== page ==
Dr. Stephanie Chao, director of pharmaceutical services at Hoag Memorial Hospital Presbyterian in Newport Beach, said she experienced a "big sense of relief to see that big truck pull up'' to deliver the first doses of Pfizer vaccine Wednesday morning.
"I know that our department has been working hard ... and taking it day by day, supporting each other,'' Chao said. ``We feel Hoag has done a lot of hard work to prepare to weather different surges. We have plans in place we can activate and are already activating, so as an organization we're just working hard, doing everything we can ... Some days we just run on adrenaline and hope there's some light at the end of the tunnel. As healthcare workers, we keep going because that's all we can do. But sometimes we do need a minute to gather and reflect.''
County health officials are particularly struggling with housing the elderly with dementia, who are infected and do not exhibit symptoms, Chao said.
"We can't send them to a hospital... They don't need that level of care,'' Chao said at Tuesday's Board of Supervisors meeting. "And we can't send them to a nursing facility... and we can't send them to a hotel."
Those patients will likely be housed at Fairview Developmental Center in Costa Mesa, which is expected to open on Thursday. "But we only have the availability of 50 beds," Chau said. "We're going to run out of options to take care of these people."
"I lose sleep every night,'' he said. "I am afraid. ... I've never been so afraid of Christmas and New Year's in my whole life ... I can't imagine what it would be like after the holidays if people don't listen and don't comply."
The governor's latest restrictions are set to run through at least Dec. 27, but with the surge in cases and patients, "I don't think we can get out of it,'' Chau said.
Supervisor Doug Chaffee said he received a text message from a medical professional at St. Jude Medical Center in Fullerton on Monday night that indicated the hospital is at "99% capacity."
The hospital's 301 beds are full with 138 COVID-19 patients, Chaffee said.
"The ICU is at 105% capacity,'' he said. "They're using every available bed. The emergency department has an overflow ... All the Orange County hospitals are in the same situation. It is dire, so they'll soon be erecting a tent in the parking lot, probably for triage. I think what we're seeing is not a surge, but a tsunami.''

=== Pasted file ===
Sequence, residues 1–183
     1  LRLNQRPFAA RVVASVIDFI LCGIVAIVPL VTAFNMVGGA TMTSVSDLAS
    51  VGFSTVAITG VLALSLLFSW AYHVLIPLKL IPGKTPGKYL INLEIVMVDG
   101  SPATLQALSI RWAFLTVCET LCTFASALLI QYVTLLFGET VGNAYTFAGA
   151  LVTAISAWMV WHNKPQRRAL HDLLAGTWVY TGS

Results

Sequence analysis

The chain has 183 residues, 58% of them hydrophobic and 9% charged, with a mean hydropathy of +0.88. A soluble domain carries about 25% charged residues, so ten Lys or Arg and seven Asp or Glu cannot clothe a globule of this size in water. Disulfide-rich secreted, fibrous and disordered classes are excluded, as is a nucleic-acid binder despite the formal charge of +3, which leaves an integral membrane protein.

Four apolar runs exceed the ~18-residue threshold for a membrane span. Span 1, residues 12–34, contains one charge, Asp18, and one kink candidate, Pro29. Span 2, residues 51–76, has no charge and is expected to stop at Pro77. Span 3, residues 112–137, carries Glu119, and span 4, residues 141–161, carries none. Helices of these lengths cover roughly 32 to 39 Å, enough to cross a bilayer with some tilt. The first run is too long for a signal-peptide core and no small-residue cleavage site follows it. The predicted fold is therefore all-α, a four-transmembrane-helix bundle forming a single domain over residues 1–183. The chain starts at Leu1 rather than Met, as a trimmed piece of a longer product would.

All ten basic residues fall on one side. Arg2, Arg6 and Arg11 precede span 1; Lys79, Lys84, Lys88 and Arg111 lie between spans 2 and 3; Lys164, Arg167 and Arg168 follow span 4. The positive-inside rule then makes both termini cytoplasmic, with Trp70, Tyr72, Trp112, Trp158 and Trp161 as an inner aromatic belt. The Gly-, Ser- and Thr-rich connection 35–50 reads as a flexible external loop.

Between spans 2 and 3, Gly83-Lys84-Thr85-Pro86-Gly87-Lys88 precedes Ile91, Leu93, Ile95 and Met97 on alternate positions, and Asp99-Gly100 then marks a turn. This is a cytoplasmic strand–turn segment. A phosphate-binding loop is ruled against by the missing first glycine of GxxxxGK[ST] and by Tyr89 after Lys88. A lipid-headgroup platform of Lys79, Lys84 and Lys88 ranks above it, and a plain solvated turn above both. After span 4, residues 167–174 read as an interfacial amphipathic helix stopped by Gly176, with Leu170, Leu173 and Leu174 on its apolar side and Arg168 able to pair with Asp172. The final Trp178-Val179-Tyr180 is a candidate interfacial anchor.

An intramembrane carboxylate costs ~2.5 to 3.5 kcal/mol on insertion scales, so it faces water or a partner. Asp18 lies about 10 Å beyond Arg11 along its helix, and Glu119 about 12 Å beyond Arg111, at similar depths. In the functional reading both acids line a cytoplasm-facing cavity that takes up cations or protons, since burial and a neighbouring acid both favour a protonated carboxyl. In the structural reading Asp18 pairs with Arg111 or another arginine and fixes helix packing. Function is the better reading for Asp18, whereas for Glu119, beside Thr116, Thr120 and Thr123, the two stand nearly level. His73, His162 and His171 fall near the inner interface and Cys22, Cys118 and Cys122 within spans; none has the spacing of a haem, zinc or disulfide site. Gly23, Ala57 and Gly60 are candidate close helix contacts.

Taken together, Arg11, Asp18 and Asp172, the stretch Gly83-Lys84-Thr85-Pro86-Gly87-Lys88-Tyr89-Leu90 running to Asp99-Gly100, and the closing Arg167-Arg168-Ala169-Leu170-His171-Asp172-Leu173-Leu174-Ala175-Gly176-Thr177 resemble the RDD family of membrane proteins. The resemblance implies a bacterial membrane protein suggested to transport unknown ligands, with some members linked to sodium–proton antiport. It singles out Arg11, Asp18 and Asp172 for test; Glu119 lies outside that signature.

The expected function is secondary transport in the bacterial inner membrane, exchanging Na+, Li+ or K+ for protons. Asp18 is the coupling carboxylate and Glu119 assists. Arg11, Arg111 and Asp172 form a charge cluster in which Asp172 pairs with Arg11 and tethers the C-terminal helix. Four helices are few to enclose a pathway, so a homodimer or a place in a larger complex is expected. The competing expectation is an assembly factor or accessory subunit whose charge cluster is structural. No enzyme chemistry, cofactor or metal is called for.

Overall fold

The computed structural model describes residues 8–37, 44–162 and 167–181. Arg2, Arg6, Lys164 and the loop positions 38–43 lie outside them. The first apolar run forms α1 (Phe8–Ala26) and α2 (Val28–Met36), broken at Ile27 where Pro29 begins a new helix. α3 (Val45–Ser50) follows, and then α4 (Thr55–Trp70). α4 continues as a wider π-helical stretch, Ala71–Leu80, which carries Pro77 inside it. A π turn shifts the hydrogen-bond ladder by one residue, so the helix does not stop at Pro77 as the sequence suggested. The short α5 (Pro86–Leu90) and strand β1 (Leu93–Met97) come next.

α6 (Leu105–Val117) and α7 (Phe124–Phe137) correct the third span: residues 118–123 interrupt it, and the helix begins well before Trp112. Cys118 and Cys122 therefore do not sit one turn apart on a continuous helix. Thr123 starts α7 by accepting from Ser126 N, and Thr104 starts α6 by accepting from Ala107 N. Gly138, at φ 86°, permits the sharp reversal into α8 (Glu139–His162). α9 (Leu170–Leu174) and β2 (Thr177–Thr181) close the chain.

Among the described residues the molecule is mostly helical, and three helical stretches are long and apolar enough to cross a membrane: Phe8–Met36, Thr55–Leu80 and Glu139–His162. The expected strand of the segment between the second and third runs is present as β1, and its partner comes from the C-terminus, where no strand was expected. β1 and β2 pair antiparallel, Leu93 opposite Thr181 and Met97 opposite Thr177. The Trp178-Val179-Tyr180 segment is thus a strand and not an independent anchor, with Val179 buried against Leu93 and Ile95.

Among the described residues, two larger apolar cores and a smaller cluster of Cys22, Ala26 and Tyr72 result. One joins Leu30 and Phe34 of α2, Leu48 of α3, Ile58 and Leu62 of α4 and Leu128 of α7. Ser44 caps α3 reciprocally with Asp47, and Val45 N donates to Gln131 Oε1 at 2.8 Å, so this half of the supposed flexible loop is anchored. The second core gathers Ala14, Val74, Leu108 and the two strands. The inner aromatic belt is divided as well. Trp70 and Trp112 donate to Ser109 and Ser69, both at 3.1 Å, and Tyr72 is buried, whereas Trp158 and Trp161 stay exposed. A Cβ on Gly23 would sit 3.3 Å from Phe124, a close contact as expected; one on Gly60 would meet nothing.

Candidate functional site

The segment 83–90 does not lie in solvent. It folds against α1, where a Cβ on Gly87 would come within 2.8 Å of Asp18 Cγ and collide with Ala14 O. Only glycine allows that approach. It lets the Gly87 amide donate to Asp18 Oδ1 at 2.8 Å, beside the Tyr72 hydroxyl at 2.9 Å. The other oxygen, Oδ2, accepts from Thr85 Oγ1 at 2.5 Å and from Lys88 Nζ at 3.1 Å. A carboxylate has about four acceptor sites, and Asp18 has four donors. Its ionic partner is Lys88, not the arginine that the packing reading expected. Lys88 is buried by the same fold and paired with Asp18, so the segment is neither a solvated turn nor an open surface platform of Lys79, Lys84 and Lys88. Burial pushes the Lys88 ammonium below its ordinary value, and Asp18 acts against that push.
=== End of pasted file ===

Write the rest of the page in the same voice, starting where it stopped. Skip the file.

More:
To address the need, mobile field hospitals are being set up and will be housed in large trailers and include canvas tents with hard flooring and temperature-controlled units that feature running water, toilets, showers and generators as well as air purifiers.
Fountain Valley Regional Hospital will get 50 more beds, St. Jude's will receive 25 beds and UC Irvine Medical Center in Orange will get 50 beds.
An outbreak in the county's jails, which started last week, now has 627 inmates infected, up from 416 reported Monday. The county is awaiting results of 86 more tests.
Sheriff Don Barnes, who had earlier kept testing restricted to newly booked inmates, anyone showing symptoms, or those exposed to an infected person, will now seek to test everyone in the jails, according to department spokeswoman Carrie Braun. Inmates who test positive are restricted to a single cell in isolated status, and any others exposed are being quarantined together as they await test results, she said.
Meanwhile, Barnes has been ordered by an Orange County Superior Court judge to reduce his jail population by half by Friday, meaning 1,800 inmates could be released to home confinement or ankle-bracelet monitoring or just fully set free.
The county supervisors unanimously voted to hire outside counsel to help Barnes in the legal struggle with the American Civil Liberties Union, which sued to reduce the jail population. The supervisors also voted to sue the California Department of Corrections and Rehabilitation to challenge the department's to take on convicted felons from the county's jails during the pandemic.
The county is also dealing with an uptick in outbreaks at skilled nursing and assisted living facilities. As of Tuesday, 32 skilled nursing facilities have had two or more confirmed cases of COVID-19, and 36 assisted living facilities had two or more cases.
County officials have been asked to provide personal protective equipment, more training or staffing to help curb the spread of COVID-19 in those facilities, where the main reason for the spread is likely from employees who contract the virus off-site, Kim said.